Pokemon Conquest, or Pokemon + Nobunaga's Ambition in Japan, is probably something you wouldn't expect, but this collaborative effort combines Pokemon with Samurai Warriors 3, which itself is based on a franchise based on the most famous period of Japan, the Sengoku Period. So you have people from that time period as characters in those games appearing in this game with their Pokemon partners on a fun DS adventure with mechanics from the 5th generation of Pokemon, as it was released in mid 2012. Cool, right?
As a turn based tactical RPG, you control Warriors linked with Pokemon to do battle in various kingdoms across the region of Ransei. The one who can unite the region of Ransei will be able to encounter the region's creator. Sounds pretty spiffy. With great character design, excellent music and, uh, interesting overall gameplay, this is definitely a Pokemon game to play. So that's why I'm playing it, cause it's pretty great, even if there are some problems with it that we'll see later down the line.
What I also want to dive into is the period of Japan's history this game is based on, the Warring States period, or Sengoku jidai. It's a crazy adventure of many prominent warlords and fiefdoms fighting for domination to control the capital of Japan and maybe being able to conquer the whole island for the first time in 50,000 years. And that's where you guys come in! See, I'm a nerd, but I'm not too knowledgable in this specific part of Japan's history (crazy I know), so I'd love to find out what really happened during this interesting time of love, honour and glory by people who know more about that time period and culture than I ever will.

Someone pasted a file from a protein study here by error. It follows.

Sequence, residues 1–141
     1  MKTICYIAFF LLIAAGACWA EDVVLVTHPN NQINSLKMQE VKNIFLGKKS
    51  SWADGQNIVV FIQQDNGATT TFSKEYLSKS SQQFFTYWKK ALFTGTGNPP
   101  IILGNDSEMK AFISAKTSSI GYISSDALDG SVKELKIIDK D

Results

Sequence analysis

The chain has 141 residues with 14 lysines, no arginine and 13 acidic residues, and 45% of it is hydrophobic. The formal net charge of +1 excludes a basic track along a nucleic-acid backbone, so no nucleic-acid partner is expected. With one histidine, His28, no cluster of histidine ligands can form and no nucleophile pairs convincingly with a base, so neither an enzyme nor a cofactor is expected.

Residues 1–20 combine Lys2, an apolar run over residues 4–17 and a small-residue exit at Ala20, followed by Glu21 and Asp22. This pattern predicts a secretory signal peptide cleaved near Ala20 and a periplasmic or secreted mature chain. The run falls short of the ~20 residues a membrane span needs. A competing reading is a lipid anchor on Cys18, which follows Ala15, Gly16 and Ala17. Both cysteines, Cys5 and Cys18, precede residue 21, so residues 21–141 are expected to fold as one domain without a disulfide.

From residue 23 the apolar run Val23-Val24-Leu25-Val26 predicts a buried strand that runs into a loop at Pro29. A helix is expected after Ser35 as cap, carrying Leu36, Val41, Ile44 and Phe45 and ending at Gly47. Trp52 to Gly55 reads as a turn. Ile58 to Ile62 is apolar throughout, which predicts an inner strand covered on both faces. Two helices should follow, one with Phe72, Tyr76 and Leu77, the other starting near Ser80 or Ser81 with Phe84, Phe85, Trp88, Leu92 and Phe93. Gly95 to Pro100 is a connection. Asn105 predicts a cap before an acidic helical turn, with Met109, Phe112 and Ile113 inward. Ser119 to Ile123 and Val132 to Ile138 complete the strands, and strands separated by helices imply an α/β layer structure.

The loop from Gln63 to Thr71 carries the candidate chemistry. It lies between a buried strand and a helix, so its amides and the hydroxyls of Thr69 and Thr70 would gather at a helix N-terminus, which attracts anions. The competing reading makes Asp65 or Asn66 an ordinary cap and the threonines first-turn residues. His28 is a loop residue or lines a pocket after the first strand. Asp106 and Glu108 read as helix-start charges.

I will be delving into some history and backstory slightly during the LP, but I don't feel like poring through thousands of historical texts and websites to get my accurate info, I do want to have fun with this LP, so I'll be sticking with Wikipedia, much as that might make some of you wince.
Also you might notice this LP is on this neat little offsite Rhematic in thanks to the rad Etrian Odyssey LPer Ragnar Homsar. Check out her LPs and give her site a read.
Table of Contents
- Chapter 1: Welcome to the World of Warlords!
- Chapter 2: Type Advantage
- Chapter 3: A Conquer North
- Chapter 4: Fighting Off Foes
- Chapter 5: Kenshin and Shingen
- Chapter 6: Yoshihiro's Grand Day Out
- Chapter 7: Super Effective
- Chapter 8: Cold, Hard and Unforgiving
- Chapter 9: The Enemy is in Dragnor!
- Chapter 10: Hanbei and Kanbei
- Chapter 11: Tolerable Postgame
- Chapter 11.5: When THIS Happens!
- Chapter 12: Fast Forward
- Chapter 13: Triple Story Time
- Chapter 14: Second Finale of Conquest
Just before we start, watch this video, it'll give you a quick lesson in the basic history of Japan. You could make a religion out of that.
Since this is an LP where I'll be talking about 16th century Japan, there's obviously going to be a few words that will be quite commonplace, but not exactly ones you'll know if you've only known English your whole life. So let's go over them:
Daimyō: Powerful Japanese feudal lords in control of land, subordinates only to the Shōgun. From dai 大, large and myōden 名田, private land.